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Walmart joins Microsoft bid for TikTok takeover in US | TikTok


Walmart has partnered with Microsoft to bid for the US operations of hugely popular video-sharing app TikTok, as the world’s largest retailer looks to become a force in the fast-growing digital media sector.

Walmart, which is looking beyond bricks and mortar to rival to Amazon in online retail, said that it is confident the joint bid will pass muster with the Donald Trump administration.

Trump’s trade war with China has forced ByteDance, the Beijing-based parent of TikTok, to seek a sale of its North American business to a US company within 90 days or face being shut down. Trump has accused the video app of threatening national security.

Walmart has said that a deal will allow it to better target a younger demographic, as most of TikTok’s hundreds of millions of users are in the 12 to 24 age bracket. A deal would also boost its nascent advertising business. Amazon has rapidly grown its online ad business to almost $15bn (£11bn) annually.

“We are confident that a Walmart and Microsoft partnership would meet both the expectations of US TikTok users while satisfying the concerns of US government regulators,” Walmart said in a statement.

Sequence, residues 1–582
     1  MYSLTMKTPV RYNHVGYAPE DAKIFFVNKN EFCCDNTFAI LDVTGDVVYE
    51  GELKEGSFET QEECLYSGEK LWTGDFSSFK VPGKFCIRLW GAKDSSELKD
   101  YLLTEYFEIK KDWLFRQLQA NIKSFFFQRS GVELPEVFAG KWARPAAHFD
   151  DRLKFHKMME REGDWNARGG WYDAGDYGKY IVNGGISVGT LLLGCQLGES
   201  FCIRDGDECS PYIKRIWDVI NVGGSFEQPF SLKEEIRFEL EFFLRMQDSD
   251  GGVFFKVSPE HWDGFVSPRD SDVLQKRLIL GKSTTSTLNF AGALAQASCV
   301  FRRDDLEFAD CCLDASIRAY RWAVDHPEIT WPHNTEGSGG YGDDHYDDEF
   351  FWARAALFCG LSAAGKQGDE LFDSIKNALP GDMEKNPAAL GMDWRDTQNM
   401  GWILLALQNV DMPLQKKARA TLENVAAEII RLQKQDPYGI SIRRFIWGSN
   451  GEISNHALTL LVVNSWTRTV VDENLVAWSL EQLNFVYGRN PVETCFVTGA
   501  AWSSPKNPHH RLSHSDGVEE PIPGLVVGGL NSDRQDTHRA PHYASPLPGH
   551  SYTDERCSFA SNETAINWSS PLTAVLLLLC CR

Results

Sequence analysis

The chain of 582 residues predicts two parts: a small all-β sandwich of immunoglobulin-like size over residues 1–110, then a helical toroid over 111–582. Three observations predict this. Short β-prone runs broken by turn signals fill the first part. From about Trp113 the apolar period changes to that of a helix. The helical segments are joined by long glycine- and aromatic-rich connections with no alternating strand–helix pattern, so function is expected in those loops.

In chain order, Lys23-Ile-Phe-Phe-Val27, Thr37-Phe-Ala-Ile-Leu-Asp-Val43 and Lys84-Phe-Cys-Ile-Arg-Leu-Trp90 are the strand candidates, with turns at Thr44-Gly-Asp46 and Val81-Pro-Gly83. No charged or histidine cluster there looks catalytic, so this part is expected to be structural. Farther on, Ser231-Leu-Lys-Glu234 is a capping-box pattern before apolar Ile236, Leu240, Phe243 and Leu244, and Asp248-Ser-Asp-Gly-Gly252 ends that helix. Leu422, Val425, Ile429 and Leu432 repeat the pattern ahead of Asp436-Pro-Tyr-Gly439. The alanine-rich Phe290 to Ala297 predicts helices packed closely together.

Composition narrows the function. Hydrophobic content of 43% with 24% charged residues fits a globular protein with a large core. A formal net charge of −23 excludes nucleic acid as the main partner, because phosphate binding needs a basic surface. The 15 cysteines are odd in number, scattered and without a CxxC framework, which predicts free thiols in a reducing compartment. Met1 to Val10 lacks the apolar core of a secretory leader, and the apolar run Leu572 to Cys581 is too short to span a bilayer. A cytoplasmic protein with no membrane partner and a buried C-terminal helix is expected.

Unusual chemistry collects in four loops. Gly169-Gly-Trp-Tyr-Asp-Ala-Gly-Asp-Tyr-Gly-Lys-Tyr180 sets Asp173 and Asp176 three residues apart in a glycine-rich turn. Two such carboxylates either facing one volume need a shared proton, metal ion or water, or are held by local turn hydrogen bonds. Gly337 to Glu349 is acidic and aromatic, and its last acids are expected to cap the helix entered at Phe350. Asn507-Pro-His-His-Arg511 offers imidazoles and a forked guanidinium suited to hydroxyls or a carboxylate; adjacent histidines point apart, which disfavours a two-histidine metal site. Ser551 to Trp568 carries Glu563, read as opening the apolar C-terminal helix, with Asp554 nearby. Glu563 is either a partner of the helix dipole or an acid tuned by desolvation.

Investors reacted enthusiastically to the move with shares in Walmart, which already works with Microsoft using its Azure cloud platform, climbing 6%.

However, Walmart’s previous forays into digital media have not always been a great success. Earlier this year it sold its Netflix-style streaming service Vudu, which it launched a decade ago, to movie ticketing company Fandango for an undisclosed sum.

Microsoft has been in talks for weeks to buy TikTok’s business in the US, Canada, Australia and New Zealand and has been considered the frontrunner. Rival bidders for the business include Larry Ellison’s Oracle, which has partnered with a group of US investors including General Atlantic and Sequoia Capital.

The political situation that TikTok has found itself in has claimed its chief executive, the former Disney executive Kevin Mayer, who resigned just months after joining.

The hiring of Mayer, who oversaw the successful launch of Disney’s global streaming service Disney+ but was overlooked to replace chief executive Bob Iger, was meant to address the issue that TikTok needed to become a more US-centric business.



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